Can We Build a Better Ted Cruz?
After reading about genetic modification of food, I got scared. That's a big thing coming from a guy who had a can of spaghetti for supper and six malted milk balls for dessert. Food's never scared me, and I do not shrink back even when faced with "pasteurized processed cheese food," in a can, which I like to squirt on pork rinds.
But even if you can eat any kind of manufactured, brightly colored, salty, canned or plastic-bagged slop, there's something in you that revolts at the idea of the white-coated boys breeding cattle that secrete their own barbecue sauce or corn that pops itself.
It ain't natural, I tell ya!
But, if the idea of genetically fooling around with pig DNA scares me, the idea of the genetically modified politician does not. In fact, I'd suggest genetic modification of all members of the upper class. If we had started screwing around with the DNA of the Bush family some years ago, maybe Jeb wouldn't be as big a dope as his grandfather. Could of genetically modified the boozehound right out of the Kennedys, too
Maybe a whole race of politicians whose throats close whenever they lie, like a guy with a peanut allergy after he wolfs a Snickers Bar.
"Senator, if you really do love working families, as you just said, why are you writhing on the floor like a fresh-caught bass flopping around on a wet deck?"
What reporter doesn't LOVE that thought?
You probably couldn't successfully modify Ted Cruz, the former Rafael Cruz who has successfully de-Canadian'ed and, de-Hispanic'ed himself. He's beat you to it.
Unlike tragic pop star Michael Jackson, who tried to bleach himself white from the outside in, Cruz is working from the inside out with the help of institutions as whackily non-diverse as the 700 Club and Liberty University (which should not use either word in its title.)
I'm not suggesting there's anything phony about Ted.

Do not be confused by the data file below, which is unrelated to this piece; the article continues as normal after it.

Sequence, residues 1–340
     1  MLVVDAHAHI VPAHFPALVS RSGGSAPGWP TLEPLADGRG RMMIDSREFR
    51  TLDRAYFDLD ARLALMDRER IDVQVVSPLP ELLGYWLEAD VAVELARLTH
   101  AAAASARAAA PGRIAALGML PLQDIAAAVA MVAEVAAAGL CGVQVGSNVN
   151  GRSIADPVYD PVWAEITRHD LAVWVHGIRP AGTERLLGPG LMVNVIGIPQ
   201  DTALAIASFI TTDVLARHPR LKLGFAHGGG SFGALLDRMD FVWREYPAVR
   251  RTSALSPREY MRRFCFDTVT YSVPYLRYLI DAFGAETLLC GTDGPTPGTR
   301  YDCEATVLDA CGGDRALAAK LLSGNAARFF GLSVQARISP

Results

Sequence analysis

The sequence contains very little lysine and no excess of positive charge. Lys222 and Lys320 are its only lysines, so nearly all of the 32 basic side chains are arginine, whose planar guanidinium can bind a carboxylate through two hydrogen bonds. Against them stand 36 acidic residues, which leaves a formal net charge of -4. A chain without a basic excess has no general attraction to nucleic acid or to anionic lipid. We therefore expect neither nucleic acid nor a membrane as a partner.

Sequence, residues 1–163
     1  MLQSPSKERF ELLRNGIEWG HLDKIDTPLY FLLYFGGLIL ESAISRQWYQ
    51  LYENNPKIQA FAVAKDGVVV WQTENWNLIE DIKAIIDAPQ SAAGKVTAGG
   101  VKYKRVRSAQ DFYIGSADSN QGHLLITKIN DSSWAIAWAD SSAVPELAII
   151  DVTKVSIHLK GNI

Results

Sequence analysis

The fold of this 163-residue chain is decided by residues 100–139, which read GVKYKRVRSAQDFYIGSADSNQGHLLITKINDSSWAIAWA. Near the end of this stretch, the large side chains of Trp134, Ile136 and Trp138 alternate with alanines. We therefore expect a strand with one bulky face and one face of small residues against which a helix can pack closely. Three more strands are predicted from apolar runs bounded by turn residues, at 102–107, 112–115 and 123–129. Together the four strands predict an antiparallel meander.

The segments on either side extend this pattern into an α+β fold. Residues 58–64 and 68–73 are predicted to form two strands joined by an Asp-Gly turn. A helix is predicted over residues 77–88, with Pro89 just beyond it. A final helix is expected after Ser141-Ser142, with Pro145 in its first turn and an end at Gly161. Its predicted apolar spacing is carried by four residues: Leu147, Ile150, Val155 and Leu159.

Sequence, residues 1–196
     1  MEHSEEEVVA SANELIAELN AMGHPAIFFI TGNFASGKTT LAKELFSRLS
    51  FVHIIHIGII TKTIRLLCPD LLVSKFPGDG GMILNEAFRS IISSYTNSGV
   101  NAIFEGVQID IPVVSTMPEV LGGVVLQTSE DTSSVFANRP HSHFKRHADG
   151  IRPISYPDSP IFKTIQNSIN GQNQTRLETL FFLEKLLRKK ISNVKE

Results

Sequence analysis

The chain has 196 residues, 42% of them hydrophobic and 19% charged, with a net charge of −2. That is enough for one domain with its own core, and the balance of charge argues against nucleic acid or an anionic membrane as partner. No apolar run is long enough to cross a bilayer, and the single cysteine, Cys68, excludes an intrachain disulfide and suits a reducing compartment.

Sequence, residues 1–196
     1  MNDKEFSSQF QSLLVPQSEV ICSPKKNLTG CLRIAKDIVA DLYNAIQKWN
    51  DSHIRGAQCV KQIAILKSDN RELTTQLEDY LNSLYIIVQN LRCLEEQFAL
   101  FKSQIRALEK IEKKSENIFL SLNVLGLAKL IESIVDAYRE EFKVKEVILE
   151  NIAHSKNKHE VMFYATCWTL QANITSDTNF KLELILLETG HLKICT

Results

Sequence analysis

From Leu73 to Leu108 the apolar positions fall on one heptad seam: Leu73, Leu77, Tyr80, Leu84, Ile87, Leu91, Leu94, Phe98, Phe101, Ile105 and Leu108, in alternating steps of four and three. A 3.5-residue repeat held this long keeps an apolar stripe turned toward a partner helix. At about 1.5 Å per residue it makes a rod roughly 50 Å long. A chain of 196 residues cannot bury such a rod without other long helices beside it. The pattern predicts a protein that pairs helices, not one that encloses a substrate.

I'm just thinking that, in the future, the ability to manipulate the DNA of families with known or emerging political tendencies might give us all a better chance at avoiding, not nasty surprises, but nasty certainties.
Breed a little religious respect into 'em, so they're less likely to grab at the extreme end of any faith. Twist that DNA until you get some structure of compassion, so they don't always feel poor people need to be pushed further into poverty. Make them think of mothers when they see soldiers. Move a molecule here and a molecule there. If you can make a turkey with a breast the size of a bowling ball, you can tug some of our leaders and want-to-be leaders away from the kind of political opinions that, until the last 25 years or so, were regarded as something the nation had turned away from, like burning crosses, Father Coughlin, John Birch and a host of other things you associated with the kids who dropped out of high school, the ones whose parents sent notes to the teacher written in pencil on a piece torn from a brown paper bag.
That was the DNA we hoped home ownership and union jobs and a shot at college would breed out of people. That's what the suburbs were for, back before the self-modified Ted Cruz and others taught us to be scared enough to hate again.
To find out more about Marc Munroe Dion and redd features by other Creators Syndicate writers and cartoonists, visit www.creators.com. Dion's book of Pulitzer Prize-nominated columns, "Between Wealth and Welfare: A Liberal Curmudgeon in America," is available for $9.95 for Nook and Kindle.
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